Conclusions: Positive cumulative fluid balance can be considered as the risk factor to septic patient mortality.


Authors: V. Linardi, SE Handrawan, P. Liana, Mayang Indah Lestari

From the Editors: Introducing our New Website

Dear Readers and Authors,

Critical Care and Shock started as a peer-reviewed journal in 1998 by Dr. Iqbal Mustafa, together with several colleagues, with the specific aim of advancing acute and critical care medicine in the Asia Pacific area as well as other parts of the World due to the increasing popularity of unique therapeutic interventions for critically ill patients.

Unfortunately, Dr. Iqbal Mustafa was unable to continue his mission due to his sudden death on 18 July 2004. We knew he was no longer among us, but his spirit remained among many of his colleagues. Professor Xavier Leverve played an important role in the establishment of Critical Care and Shock and was entrusted to be the Editor-in-Chief replacing Dr. Iqbal Mustafa. In another great loss for humanity, Professor Leverve left us all after 6 years of carrying out his outstanding duties. At that point, Professor Joseph Varon, who had also been involved in this Journal since its founding,  agreed to lead this Journal as Editor-in-Chief and has done so uninterrupted since then.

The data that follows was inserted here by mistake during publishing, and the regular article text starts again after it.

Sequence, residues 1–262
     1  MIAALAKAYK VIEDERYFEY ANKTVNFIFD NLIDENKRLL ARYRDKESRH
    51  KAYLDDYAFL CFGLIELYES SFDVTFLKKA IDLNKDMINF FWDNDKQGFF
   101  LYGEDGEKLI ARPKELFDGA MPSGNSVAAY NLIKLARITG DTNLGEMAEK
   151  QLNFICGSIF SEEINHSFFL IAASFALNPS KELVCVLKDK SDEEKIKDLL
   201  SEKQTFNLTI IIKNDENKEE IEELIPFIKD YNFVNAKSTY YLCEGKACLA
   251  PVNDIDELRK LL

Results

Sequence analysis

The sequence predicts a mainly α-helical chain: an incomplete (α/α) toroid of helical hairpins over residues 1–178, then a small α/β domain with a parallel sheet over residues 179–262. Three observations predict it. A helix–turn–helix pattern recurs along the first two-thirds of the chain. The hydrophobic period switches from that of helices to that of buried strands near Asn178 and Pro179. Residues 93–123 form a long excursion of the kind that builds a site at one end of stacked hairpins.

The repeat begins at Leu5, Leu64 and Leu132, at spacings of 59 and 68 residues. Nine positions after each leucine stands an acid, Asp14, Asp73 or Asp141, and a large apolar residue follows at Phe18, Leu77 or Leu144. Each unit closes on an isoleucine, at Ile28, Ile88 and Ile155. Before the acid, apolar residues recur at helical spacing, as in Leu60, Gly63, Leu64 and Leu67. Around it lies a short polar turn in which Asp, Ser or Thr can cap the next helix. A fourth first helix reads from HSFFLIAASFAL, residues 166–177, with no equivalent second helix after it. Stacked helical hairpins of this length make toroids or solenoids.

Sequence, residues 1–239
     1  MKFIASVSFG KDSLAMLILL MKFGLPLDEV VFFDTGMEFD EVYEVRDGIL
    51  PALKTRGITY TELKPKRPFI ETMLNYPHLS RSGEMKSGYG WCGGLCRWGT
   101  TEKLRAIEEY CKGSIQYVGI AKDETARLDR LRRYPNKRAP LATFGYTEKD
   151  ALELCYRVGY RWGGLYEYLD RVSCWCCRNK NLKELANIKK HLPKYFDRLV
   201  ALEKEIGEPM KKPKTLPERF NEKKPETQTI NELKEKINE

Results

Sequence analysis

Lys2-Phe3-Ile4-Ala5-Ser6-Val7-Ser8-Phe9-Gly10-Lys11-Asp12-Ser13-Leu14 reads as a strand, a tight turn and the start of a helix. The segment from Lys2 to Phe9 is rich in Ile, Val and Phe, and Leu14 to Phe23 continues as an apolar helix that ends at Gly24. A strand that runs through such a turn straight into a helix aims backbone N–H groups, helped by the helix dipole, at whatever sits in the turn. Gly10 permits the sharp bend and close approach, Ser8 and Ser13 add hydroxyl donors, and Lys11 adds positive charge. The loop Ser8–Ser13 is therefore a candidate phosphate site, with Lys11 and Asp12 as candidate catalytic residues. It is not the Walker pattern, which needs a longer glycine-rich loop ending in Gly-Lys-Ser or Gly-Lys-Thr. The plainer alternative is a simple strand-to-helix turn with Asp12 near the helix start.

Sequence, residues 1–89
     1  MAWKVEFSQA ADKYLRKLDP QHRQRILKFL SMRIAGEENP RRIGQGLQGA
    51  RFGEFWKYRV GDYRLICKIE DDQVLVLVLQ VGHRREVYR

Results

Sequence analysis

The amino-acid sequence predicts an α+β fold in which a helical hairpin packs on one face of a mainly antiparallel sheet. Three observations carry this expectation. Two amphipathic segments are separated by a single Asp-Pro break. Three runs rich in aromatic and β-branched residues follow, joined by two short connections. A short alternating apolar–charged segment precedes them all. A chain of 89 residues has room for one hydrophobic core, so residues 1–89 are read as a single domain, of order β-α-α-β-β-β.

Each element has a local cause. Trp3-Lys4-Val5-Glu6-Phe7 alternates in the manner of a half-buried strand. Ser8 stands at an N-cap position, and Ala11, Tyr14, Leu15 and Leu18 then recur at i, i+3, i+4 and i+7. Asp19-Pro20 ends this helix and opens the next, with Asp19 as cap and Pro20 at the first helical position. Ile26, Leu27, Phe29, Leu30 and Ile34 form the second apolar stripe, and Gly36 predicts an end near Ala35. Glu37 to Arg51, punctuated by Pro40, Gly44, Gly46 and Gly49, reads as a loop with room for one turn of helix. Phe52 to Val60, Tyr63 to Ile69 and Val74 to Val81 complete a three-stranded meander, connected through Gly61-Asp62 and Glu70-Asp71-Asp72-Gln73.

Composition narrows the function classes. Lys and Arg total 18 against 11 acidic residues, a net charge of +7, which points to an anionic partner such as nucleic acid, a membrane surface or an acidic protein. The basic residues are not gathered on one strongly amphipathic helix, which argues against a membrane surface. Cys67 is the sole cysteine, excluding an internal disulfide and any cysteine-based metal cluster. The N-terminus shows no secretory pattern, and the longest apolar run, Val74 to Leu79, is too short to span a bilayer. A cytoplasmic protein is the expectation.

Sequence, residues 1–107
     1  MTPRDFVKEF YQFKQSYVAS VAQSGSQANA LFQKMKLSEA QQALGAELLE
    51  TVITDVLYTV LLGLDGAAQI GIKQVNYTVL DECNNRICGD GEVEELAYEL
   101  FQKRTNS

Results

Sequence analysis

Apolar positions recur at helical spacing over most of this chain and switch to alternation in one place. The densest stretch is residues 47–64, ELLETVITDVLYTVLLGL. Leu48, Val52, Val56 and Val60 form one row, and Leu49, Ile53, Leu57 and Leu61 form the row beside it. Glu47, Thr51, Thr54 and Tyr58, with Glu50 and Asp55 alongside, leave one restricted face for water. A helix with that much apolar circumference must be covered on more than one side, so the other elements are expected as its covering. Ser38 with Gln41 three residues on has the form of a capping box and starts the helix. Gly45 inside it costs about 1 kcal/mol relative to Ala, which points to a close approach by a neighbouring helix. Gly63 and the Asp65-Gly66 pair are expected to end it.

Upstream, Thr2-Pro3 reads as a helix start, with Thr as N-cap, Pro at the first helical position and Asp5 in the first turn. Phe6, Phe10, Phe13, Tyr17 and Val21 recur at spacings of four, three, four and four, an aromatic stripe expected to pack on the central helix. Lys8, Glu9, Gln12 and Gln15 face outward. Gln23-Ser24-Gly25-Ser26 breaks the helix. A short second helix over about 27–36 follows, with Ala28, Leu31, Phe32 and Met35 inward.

For over 20 years we have published high-quality peer-reviewed articles in the fields of acute and intensive care medicine. During that period of time, we continue to strive to provide the best academic platform for researchers, educators, and our loyal readers. As the Journal evolved, so did its design. For example, in 2006 we introduced a new color scheme for the Journal with the intention of expressing our desire that the articles submitted bring new and original information of general interest to practitioners dealing with acute and critically ill patients.